IRS Targeting Extended to Conservative, Republican Groups, According to Agency Employee

by Eliana Johnson

An Internal Revenue Service employee based in the agency’s Cincinnati office told the House Oversight Committee that the targeting of tea-party groups for inappropriate scrutiny was intended also to extend to conservative and Republican groups more broadly.

“Was it your understanding that the purpose of the Be On the Lookout list was to identify conservative groups?” committee inevestigators asked the employee, according to a partial transcript of their interview with the witness released by the Oversight Committee on Sunday. “Yes, it was,” the employee responded. The “Be On the Lookout” list helped IRS agents identify which applications for tax exemption received heightened scrutiny. Asked whether the list, which contained key words used to identify tea-party groups, was also intended to flag Republican groups, the employee said that it was. 

A more junior Cincinnati agent also told committee investigators that he believes the order to target tea-party groups came from the agency’s Washington, D.C., office, and that it was “impossible” for the targeting of tea-party groups to have originated with a few rogue agents in the IRS’s Cincinnati office, as the agency and the Obama administration have claimed. He went on to describe how the agency’s Washington office requested the files of specific tea-party groups that contained their applications for tax exemption.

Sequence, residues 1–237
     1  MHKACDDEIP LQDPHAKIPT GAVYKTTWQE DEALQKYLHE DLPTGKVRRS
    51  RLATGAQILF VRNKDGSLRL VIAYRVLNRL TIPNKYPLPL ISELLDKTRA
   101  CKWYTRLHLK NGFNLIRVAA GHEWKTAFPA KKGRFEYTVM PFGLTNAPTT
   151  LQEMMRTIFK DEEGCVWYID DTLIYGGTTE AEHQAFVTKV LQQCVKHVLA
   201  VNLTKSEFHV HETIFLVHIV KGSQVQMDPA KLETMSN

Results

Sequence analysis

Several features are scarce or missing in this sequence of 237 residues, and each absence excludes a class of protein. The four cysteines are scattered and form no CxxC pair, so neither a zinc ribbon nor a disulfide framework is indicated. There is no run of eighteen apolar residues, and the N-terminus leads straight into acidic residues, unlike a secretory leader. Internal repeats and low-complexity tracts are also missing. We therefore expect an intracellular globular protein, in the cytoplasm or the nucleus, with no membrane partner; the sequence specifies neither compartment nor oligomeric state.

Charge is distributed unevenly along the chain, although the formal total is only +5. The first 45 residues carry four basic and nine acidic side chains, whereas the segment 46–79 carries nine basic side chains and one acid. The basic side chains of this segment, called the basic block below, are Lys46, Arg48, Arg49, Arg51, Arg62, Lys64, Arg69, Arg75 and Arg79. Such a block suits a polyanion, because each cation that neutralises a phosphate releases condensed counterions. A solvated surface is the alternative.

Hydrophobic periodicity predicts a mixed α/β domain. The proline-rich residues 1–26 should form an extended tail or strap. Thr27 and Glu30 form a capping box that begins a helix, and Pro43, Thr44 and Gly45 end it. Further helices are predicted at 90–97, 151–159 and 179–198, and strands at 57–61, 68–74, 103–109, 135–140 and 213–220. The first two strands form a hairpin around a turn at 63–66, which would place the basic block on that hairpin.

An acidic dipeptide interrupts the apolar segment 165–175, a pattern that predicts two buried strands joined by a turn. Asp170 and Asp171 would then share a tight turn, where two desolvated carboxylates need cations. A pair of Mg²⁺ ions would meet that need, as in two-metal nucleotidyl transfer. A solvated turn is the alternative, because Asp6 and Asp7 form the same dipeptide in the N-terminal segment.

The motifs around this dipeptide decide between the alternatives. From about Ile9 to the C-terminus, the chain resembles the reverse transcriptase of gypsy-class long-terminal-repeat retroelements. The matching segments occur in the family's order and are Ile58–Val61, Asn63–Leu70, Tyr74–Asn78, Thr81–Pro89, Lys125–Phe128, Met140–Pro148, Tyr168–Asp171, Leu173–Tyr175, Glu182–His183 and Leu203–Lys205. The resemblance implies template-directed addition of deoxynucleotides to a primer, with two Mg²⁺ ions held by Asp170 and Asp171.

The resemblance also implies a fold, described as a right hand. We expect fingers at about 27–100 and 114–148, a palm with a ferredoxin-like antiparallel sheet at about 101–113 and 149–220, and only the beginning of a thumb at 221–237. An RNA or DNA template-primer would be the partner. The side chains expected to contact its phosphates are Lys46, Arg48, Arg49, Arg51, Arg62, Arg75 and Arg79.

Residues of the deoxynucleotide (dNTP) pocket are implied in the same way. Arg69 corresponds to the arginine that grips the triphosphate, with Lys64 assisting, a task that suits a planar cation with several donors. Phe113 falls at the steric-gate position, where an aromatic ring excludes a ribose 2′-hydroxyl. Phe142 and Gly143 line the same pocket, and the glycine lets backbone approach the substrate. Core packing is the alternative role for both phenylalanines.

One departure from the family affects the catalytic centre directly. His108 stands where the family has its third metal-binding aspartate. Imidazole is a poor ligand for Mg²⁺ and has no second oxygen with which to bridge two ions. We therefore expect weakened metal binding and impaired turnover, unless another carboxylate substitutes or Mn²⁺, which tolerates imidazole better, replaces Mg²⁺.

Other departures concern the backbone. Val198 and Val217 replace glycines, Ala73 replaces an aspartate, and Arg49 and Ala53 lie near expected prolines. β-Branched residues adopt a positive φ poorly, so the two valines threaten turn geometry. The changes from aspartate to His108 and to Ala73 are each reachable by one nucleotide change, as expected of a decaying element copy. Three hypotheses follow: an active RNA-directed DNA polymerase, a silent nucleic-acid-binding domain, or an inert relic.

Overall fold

The testimony offered by the two IRS employees corroborates National Review Online’s report that IRS’s D.C. office was closely involved in the targeting of conservative groups from the outset. It also suggests that the intrusive questions and inappropriate requests received by some pro-life groups — most notably, the Coalition of Life for Iowa, which an IRS agent reportedly asked to pledge not to protest outside of Planned Parenthood in exchange for granting its tax exemption — may have been a part of the same effort. 

One of the employees interviewed told committee investigators that he began searching for another job in July 2010 because he was uncomfortable with singling out groups based on their political views. “It was something that I didn’t want to be associated with,” he said.